The decline in smoking among American adults has slowed but the rate is still going down, in part due to smoking bans, the Centers for Disease Control and Prevention reported Tuesday. But in Augusta, a push by health advocates to toughen the city’s smoking ordinance is on hold, an official said.
The percentage of adults who smoke declined from 20.9 percent in 2005 to 19.3 percent in 2010, according to the CDC’s monthly Vital Signs report. While CDC Director Thomas Frieden called it a “virtual stall in the decline in smoking,” the director of the CDC Office on Smoking and Health, Dr. Tim McAfee, said, “It is slowing down the rate of decline but we are still moving in the right direction.”
Current smokers are also smoking less -- those who consume nine or fewer a day increased from 16.4 percent in 2005 to 21.8 percent in 2010 while those who smoke 30 or more daily declined from 12.7 percent to 8.3 percent, the report noted. But those who are smoking less for some perceived health benefit are still doing themselves a disservice, McAfee said.
“Far and away, the best thing that people can do is to quit, for which they will get very clear -- some of them almost immediate -- benefits,” he said.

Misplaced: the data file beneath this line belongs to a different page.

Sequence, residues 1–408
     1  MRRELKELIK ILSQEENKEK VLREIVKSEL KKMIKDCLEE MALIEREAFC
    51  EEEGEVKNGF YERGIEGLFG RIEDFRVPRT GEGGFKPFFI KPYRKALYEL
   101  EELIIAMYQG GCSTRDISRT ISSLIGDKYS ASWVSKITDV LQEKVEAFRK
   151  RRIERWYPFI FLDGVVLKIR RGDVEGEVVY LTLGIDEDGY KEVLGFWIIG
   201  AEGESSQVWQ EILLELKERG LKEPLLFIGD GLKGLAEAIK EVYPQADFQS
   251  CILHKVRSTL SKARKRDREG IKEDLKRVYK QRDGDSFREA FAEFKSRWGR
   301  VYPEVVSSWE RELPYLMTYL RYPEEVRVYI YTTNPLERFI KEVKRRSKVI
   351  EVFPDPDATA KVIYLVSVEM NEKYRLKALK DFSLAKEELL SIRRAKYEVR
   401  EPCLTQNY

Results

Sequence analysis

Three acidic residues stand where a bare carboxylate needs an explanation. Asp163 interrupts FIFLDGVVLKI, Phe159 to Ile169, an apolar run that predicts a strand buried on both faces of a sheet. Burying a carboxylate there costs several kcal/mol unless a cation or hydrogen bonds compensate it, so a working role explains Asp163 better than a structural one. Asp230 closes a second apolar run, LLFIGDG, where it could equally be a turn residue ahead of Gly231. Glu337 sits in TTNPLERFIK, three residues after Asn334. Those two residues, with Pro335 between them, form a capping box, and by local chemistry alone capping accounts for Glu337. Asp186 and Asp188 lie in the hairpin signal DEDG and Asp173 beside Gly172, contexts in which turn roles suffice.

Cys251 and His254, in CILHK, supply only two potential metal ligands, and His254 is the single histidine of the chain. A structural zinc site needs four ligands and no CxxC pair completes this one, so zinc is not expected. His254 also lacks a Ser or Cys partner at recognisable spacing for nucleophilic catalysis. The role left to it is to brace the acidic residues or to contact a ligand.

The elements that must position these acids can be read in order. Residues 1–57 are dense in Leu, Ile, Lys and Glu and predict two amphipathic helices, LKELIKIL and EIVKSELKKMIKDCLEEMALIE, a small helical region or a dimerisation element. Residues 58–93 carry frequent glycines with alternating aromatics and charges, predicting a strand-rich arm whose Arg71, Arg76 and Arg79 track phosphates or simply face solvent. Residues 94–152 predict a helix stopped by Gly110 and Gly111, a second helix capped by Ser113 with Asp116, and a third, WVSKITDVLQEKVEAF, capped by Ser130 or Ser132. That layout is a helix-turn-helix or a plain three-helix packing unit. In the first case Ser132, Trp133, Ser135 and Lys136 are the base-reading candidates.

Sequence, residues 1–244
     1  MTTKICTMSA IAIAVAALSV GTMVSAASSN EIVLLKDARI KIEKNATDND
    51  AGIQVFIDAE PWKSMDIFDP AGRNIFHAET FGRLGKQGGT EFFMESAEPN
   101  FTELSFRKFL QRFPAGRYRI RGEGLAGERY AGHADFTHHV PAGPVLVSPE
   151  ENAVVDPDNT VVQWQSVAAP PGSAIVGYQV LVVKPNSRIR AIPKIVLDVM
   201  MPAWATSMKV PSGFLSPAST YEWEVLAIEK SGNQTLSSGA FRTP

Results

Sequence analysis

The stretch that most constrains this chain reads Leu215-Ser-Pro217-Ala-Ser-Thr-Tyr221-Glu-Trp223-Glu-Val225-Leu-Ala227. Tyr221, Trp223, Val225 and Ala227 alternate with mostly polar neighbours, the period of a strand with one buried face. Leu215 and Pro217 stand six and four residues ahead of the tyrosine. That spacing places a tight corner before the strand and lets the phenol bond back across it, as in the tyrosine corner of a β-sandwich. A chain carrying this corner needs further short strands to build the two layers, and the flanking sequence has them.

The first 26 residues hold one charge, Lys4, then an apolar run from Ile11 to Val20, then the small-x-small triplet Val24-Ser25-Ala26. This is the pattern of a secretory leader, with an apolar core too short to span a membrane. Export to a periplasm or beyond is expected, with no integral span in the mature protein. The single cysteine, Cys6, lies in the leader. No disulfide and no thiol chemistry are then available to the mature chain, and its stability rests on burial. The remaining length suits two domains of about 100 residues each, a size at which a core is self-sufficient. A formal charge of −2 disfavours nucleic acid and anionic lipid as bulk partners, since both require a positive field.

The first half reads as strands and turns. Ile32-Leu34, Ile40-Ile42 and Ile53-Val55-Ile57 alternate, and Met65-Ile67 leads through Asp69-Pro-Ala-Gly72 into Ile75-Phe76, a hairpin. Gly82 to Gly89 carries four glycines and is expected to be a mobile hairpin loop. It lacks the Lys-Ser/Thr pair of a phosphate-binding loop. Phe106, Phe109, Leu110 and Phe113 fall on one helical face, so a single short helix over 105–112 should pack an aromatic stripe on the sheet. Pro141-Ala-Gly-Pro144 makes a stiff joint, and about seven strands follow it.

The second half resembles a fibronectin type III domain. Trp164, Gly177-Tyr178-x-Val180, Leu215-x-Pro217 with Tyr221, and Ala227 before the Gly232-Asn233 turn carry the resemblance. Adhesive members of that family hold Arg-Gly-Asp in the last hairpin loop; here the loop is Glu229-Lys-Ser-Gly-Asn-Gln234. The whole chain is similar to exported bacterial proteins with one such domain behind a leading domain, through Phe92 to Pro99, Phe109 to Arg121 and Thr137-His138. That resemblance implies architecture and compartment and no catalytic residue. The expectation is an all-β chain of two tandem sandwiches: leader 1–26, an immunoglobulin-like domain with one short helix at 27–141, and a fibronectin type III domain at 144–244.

There are still great disparities in smoking rates because of income and education, McAfee said. Only 6.3 percent of those with a postgraduate degree smoked compared to 45 percent of those with a General Educational Development diploma, or GED, he said.
While higher tobacco taxes have helped, their impact is likely blunted by nearly $10 billion a year in promotions and advertisement by tobacco companies, about 72 percent of which goes to discounts and coupons for smokers to offset the higher prices, McAfee said. The companies might have also altered their products to make more nicotine available faster, Frieden said.
“It is possible that cigarettes today may be somewhat even more addictive than they were 10 or 20 years ago,” he said.
Societal efforts aimed at curbing smoking have helped, McAfee said.
“We’ve seen a de-normalization of smoking, we’ve seen the increase in clean indoor air laws that have happened so aggressively in the last 10 years,” he said. “It’s a little harder for people to smoke but also people feel like they want to cut down.”
Advocates are pushing to tighten Augusta’s smoking ban, which right now allows exemptions for bars and restaurants that do not allow anyone under age 18. They approached the Augusta Commission about enacting a tougher ordinance but are still waiting for public hearings to be set, said East Central Health District Director Ketty Gonzalez.
With all that the commission is dealing with right now, she said, “this has been put to the side,” Augusta General Counsel Andrew MacKenzie has sent out a draft of the proposed ordinance to various officials, but it is unclear if it is back on any committee agenda, said Harry Revell, attorney for the Richmond County Board of Health.